From The New Yorker
Young Climate Activists Reacted to the Climate Crisis
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There's nothing good about the novel coronavirusit's killing many people, and shutting millions more inside, with fear as their main companion. However, if we're fated to go through this passage, we may as well learn something from it, and it does strike me that there are a few insights that are applicable to the climate crisis that shadows all of our lives.
Some of these lessons are obvious: giant cruise ships are climate killers and, it turns out, can become floating sick wards. Other ideas evaporate once you think about them: China is producing far less carbon dioxide, for the moment, but, completely apart from the human toll, economic disruption is not a politically viable way to deal with global warming in the long term, and it also undercuts the engines of innovation that bring us, say, cheap solar panels.
Still, it's worth noting how nimbly millions of people seem to have learned new patterns. Companies, for instance, are scrambling to stay productive, even with many people working from home. The idea that we need to travel each day to a central location to do our work may often be the result of inertia, more than anything else. Faced with a real need to commute by mouse, instead of by car, perhaps we'll see that the benefits of workplace flexibility extend to everything from gasoline consumption to the need for sprawling office parks.
Of course, that's a lesson that can be learned in reverse as well. The best excuse for an office is people bouncing ideas off one another, and the best excuse for a society is just people bouncing off one another, something that's getting harder right now, as events start cancelling. But the "social distancing" that epidemiologists now demand of us to stop the spread of infectious diseases is actually already too familiar to lots of Americans. Living lives of comparative, suburban isolation, we already have fewer close friends than we used to. (Health-care authorities warned, on Thursday, of a serious epidemic of loneliness, which older Americans are more vulnerable to. The research shows that, when controlling for all other variables, older Americans who reported being lonely are twice as likely to die prematurely than those who aren't.)
But the patterns that produce this solitude in our culture are so ingrained that we've come to take them for granted. Perhaps, in an odd way, the prospect of forced isolation may lead us to embrace a bit more gregariousness when the virus relents. I can't imagine what it's like to be penned up in a Wuhan apartment; I can guess, though, that liberation will feel sweet when it comes, not only because people presumably will be safe but because they can be social. A certain kind of environmentalist has long hoped that we'll learn to substitute human contact for endless consumption; maybe this is the kind of shock that might open a few eyes. (Also, strained global supply chains are a good reminder that local agriculture has very practical benefits.)
This might also be the moment when we decide to fully embrace the idea that science, you know, works. My grandfather was, for many decades, doctor to the tiny town of Kirkland, Washington, now a suburb filled with software execs, which has turned into an American coronavirus ground zero. So I'm thinking frequently of the brave nurses and paramedics carrying out front-line care, and also the researchers who have scrambled with remarkable speed to produce prototype vaccines. Élites seem a little better when they come bearing cures. And that should probably carry over to other realms: Americans, polling shows, are wary of Trump's cavalier disregard for reality when it comes to global warming; now he's claiming that the virus is a hoax, as well. Given his contention that maybe a "miracle" might make it "disappear," I'd expect that skepticism to keep growing.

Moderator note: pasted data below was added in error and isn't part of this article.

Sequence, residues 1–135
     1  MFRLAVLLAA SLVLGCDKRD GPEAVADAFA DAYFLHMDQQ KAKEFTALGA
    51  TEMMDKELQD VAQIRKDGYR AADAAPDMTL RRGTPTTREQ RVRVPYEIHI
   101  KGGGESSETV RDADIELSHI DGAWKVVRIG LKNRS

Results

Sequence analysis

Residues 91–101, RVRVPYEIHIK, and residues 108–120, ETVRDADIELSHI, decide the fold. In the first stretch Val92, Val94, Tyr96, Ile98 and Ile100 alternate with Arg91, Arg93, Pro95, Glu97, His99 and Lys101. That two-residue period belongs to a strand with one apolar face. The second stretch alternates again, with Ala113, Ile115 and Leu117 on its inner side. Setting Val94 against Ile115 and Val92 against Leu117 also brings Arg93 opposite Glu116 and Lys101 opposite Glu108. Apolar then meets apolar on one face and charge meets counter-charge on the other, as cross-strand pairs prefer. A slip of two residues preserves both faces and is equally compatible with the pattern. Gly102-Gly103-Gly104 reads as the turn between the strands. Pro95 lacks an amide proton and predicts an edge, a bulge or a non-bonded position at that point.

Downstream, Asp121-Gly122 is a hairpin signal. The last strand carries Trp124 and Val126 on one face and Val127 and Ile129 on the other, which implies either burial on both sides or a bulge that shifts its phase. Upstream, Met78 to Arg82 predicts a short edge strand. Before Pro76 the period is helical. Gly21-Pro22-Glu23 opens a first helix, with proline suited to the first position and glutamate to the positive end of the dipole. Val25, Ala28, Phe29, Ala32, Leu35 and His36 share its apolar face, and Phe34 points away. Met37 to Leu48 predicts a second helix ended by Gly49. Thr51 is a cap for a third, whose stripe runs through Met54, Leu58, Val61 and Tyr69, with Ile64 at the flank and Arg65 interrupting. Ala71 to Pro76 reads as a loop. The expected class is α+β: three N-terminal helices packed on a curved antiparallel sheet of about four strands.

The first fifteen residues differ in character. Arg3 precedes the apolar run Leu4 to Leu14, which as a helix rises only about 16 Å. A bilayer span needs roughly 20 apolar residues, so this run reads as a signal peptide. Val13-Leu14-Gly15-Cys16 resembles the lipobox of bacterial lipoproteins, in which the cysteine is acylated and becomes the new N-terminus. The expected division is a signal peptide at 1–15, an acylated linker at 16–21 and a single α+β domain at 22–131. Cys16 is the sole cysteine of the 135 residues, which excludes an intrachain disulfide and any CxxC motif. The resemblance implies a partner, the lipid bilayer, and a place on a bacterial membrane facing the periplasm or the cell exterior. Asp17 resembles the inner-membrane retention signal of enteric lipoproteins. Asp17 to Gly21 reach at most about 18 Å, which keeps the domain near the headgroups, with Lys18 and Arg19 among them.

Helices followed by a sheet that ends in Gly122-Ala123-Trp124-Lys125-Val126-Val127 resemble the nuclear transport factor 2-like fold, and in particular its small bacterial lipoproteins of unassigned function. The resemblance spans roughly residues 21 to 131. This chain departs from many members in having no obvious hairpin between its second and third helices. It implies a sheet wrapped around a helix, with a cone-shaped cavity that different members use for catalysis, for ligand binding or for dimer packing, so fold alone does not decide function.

And one would also expect a growing awareness that what happens elsewhere matters -- that there's no real way to shut out the rest of the planet. That's true for the virus, which seems to have seeped through most of the world's borders in a matter of days. It's even truer, of course, for the CO2 molecule. Not even a guy in a hazmat suit, clutching a temperature gun, can slow down the warm air cascading up to the Arctic, or the hurricane headed across the Atlantic. So maybe it's a moment when we remember that cooperation with the rest of the world is a boon, not a trap.
Above all, I think, a physical shock like Covid-19 is a reminder that the world is a physical place. That's easy to forget when we apprehend it mostly through screens, or through the cozy, contained environments that make up most of our lives. We seem to have a great deal of control, right until the moment that we don't have any. Things can go very, very wrong, and very, very quickly. That's precisely what scientists have been telling us for decades now about the climate crisis, and it's what people have learned, from Australia to California, Puerto Rico, and everywhere that flood and fire has broken out. That planets get sick slightly slower than populations do -- over a few decades, not a few weeks -- doesn't change the basic calculation. Biology doesn't really care what we think of it, any more than physics or chemistry does. Reality is capable of biting, and biting hard.
Jerome Foster II just finished Week 57 of climate-striking, every Friday, in front of the White House. The high-school senior has become a force -- just last month, the Audubon Naturalist Society gave him its Youth Environmental Champion award (and, since youth are now driving the environmental movement, this is no niche prize). This interview has been edited and condensed for clarity.
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